In my new book, Breaking Sky (Sourcebooks, 2015), I’ve come up against a whole new world of edgy complications.

My new main character, Chase, is unlikeable. Capital U. Self-centered, showoff, maverick—she’s a top fighter pilot at an Air Force academy for teens who keeps her eye on breaking a cold war standoff with Asia—and not on the people in her life.

Like Rain, Chase’s backstory harbors great disappointment, and in response to that hurt, Chase has closed herself off.

How is this edgy? Well, Chase has a reputation for leading on romantic interests for nothing more than a quick make-out session. Nothing deeper.

My beta readers for this story wondered where Chase’s heart-breaker status came from, and the answer to that has become as important to me as showing teen readers the flipside of love in Rain. In short, Chase’s story is about being careless with others. About isolating yourself from anyone who can hurt you—and then the long road back to caring.

After these two books, what I’ve learned about “edgy” is that it can be a powerful force in telling the toughest of emotional stories. For Rain, I chose an edgy premise that was as impossible to swallow as the enormous feelings behind her regret, and with Chase, I created a girl who hurt others in an attempt to keep anyone from ever hurting her ever again.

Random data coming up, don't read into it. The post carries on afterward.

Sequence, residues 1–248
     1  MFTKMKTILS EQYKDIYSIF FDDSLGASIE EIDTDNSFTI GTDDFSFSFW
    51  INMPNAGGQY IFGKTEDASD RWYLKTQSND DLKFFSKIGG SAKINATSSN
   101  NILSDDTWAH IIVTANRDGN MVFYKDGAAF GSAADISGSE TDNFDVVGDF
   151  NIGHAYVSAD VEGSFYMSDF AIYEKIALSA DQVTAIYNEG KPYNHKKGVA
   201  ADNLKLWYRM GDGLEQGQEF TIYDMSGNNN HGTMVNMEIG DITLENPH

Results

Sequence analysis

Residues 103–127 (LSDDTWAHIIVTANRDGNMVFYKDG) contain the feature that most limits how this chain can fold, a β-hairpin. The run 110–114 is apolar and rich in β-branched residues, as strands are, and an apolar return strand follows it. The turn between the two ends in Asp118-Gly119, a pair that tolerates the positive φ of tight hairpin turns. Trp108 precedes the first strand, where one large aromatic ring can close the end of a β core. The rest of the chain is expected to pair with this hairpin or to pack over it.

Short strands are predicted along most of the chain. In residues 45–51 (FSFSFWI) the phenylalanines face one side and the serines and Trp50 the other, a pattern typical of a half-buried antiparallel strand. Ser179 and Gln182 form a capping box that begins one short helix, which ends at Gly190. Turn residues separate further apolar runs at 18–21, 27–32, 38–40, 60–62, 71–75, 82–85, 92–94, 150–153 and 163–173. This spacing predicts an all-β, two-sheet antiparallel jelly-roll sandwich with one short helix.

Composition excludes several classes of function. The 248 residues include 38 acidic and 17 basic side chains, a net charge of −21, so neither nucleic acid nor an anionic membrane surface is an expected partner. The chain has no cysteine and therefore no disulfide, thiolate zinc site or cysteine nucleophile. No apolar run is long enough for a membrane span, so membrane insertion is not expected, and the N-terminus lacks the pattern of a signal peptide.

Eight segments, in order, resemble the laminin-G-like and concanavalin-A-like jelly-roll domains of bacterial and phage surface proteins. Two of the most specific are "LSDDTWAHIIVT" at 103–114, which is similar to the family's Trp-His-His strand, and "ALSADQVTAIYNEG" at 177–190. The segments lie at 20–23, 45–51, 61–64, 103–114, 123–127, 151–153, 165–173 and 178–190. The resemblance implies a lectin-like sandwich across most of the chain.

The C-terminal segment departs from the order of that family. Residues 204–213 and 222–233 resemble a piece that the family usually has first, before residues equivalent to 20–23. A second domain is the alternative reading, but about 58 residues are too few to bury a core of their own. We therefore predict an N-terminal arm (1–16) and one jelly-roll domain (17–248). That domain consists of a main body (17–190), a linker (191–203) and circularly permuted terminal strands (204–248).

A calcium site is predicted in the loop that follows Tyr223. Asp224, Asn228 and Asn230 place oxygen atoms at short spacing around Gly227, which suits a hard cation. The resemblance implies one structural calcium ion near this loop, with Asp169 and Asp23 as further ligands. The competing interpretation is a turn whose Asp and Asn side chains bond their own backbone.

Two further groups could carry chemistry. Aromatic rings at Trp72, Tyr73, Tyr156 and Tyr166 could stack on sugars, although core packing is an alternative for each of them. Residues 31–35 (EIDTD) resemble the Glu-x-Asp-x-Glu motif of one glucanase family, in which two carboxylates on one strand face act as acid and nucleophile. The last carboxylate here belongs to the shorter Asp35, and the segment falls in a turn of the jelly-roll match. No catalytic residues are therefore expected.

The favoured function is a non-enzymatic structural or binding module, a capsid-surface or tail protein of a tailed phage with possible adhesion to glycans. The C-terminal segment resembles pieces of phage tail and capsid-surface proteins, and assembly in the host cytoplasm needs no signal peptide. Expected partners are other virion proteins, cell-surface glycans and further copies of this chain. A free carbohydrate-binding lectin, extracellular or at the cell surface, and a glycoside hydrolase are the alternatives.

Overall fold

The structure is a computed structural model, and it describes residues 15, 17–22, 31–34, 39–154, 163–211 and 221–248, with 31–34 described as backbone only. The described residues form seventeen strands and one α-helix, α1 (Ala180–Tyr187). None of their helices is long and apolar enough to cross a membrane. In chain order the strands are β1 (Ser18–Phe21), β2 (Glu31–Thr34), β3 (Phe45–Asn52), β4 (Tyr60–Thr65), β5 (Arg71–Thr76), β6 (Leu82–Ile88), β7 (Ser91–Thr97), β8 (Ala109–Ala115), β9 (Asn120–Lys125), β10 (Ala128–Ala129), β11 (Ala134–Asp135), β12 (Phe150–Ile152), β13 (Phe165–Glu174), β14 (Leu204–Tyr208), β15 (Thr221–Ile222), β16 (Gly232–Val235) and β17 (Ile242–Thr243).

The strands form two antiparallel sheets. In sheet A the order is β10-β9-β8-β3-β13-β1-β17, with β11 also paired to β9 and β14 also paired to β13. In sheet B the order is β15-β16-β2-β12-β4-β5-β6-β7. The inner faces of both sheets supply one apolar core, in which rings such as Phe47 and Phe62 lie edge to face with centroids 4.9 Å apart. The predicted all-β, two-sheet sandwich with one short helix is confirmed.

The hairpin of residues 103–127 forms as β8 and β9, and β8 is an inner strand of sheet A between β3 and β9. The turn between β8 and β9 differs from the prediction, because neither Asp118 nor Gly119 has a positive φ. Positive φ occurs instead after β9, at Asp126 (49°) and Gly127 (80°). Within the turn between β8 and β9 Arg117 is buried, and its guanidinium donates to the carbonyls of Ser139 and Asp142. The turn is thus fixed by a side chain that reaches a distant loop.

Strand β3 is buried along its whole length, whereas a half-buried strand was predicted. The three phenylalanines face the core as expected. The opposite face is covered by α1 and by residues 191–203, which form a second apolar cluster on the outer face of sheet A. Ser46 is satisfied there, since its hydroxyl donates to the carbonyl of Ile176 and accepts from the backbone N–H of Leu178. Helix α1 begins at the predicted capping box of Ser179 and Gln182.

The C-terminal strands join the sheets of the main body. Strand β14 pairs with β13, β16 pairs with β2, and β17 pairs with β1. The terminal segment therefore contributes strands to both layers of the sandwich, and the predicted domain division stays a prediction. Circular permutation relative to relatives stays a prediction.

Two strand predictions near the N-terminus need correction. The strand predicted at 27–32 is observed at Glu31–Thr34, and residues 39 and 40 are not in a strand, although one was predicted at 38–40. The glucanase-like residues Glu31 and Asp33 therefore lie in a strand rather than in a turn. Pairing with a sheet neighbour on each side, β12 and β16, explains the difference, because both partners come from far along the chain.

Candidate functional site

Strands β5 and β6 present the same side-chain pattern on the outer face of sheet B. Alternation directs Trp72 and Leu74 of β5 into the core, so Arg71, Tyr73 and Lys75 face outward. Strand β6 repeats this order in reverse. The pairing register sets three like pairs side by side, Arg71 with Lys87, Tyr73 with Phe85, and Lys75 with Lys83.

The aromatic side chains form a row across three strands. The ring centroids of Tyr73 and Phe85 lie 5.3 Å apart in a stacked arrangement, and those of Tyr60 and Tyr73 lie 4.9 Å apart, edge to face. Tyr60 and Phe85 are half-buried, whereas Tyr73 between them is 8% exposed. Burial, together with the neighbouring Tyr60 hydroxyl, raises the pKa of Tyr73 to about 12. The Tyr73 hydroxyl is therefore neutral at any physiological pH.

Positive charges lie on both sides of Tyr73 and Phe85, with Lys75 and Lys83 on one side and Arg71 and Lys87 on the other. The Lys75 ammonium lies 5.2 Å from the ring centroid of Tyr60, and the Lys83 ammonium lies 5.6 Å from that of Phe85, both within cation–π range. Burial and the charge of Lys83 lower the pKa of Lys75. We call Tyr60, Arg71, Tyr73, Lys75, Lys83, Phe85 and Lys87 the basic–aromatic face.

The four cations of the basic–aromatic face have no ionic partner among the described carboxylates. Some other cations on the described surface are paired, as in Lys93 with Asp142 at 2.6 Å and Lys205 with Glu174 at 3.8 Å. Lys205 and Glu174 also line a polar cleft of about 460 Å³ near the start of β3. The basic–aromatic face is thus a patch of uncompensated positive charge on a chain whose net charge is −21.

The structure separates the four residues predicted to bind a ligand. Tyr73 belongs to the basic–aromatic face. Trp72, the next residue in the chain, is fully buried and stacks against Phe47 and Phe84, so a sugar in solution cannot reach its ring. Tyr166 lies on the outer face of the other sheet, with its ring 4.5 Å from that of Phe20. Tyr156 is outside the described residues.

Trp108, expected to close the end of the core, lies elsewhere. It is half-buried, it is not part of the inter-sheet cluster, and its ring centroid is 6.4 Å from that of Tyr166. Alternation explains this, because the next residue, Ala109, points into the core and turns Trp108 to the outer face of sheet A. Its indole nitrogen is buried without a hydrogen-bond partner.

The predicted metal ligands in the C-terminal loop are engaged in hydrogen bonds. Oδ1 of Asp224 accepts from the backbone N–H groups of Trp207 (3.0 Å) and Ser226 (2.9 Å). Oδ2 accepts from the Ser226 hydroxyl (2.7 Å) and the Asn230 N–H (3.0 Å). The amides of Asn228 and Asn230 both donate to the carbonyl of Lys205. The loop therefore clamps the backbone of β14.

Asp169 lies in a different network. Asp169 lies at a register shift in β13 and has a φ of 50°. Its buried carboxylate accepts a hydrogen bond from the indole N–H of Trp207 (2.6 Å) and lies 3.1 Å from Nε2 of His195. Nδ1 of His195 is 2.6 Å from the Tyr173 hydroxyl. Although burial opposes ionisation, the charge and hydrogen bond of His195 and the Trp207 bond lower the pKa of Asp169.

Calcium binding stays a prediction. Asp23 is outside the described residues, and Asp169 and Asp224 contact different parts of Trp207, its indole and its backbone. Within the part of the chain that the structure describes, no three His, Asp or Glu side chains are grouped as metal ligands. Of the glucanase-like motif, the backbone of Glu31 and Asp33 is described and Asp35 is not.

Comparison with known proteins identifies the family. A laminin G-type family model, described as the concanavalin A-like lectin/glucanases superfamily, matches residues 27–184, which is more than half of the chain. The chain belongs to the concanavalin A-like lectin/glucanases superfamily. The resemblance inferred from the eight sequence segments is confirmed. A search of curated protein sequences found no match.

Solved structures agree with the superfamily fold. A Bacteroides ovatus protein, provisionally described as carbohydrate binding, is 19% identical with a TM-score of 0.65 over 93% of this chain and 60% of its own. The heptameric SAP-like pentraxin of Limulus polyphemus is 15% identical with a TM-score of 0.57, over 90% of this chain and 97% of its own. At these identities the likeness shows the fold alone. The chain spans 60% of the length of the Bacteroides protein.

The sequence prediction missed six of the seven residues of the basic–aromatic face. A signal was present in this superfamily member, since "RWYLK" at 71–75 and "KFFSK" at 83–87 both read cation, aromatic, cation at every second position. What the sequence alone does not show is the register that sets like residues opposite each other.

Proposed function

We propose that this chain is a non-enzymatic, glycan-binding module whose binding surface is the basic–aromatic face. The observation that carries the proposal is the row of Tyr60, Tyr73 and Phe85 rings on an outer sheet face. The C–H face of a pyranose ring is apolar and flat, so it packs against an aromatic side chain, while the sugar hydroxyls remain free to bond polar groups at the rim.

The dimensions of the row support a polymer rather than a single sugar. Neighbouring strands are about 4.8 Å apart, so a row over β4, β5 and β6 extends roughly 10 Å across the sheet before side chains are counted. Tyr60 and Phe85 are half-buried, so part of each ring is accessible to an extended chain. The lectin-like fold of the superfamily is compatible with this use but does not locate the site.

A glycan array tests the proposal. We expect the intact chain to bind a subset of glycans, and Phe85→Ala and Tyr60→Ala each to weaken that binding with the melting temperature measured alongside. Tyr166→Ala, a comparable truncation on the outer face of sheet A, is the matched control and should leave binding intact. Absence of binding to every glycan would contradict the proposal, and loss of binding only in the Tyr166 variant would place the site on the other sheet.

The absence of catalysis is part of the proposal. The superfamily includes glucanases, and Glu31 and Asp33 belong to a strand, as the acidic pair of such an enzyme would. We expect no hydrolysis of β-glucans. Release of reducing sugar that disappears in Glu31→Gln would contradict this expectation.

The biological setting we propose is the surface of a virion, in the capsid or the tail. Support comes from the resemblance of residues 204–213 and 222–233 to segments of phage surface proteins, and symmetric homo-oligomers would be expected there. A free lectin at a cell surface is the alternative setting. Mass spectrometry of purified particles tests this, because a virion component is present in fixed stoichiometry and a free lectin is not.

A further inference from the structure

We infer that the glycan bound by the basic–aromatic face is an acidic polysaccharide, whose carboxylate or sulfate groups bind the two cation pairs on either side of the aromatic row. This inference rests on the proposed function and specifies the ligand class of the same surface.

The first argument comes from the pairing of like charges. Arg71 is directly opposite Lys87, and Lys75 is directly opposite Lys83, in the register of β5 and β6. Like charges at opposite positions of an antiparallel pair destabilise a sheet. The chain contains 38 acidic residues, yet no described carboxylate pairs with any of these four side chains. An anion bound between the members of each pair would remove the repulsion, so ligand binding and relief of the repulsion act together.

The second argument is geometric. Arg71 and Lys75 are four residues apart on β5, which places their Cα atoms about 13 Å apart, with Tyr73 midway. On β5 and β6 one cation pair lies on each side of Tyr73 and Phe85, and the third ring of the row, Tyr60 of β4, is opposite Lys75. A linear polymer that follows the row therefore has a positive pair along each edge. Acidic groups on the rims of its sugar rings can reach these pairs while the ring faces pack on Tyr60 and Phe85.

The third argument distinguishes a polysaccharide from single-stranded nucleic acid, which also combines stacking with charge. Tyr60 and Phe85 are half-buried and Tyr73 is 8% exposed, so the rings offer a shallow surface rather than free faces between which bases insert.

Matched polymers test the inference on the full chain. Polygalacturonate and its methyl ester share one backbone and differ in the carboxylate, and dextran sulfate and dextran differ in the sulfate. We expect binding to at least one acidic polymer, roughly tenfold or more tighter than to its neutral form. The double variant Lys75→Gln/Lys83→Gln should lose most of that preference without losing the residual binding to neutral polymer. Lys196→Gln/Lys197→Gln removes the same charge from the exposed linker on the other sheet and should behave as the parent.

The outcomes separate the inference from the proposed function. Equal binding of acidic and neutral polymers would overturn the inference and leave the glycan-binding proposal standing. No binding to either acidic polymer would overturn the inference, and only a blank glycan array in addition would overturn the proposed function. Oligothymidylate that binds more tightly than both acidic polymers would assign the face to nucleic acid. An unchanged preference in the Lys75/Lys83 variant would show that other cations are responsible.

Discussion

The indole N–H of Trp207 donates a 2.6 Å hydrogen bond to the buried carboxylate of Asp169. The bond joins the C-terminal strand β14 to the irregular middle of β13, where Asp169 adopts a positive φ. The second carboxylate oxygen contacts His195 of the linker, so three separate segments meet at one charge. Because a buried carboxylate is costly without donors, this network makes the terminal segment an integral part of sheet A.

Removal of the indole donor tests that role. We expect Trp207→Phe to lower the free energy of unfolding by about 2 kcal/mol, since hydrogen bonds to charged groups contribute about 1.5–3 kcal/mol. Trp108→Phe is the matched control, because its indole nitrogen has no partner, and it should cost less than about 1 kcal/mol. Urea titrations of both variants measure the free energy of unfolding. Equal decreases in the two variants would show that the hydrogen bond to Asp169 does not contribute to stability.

Could I have told these stories without edgy red flags like prostitution, human trafficking, swears, and “make-out sluts?”

Maybe. But I doubt they would hit home, feel real, and echo through the reader’s deepest life turns.

In the end, I want every reader who identifies with my story to come away feeling like they’re not alone. That may seem a little hokey, but hey, books have always been there for me.

If I can contribute to the great emotional library in any way, I’ll die happy.

As someone with a MFA in Writing for Children (and Young Adults), how did your education help you advance in your craft? What advice do you have for other MFA students/graduates in making the transition between school and publishing as a business?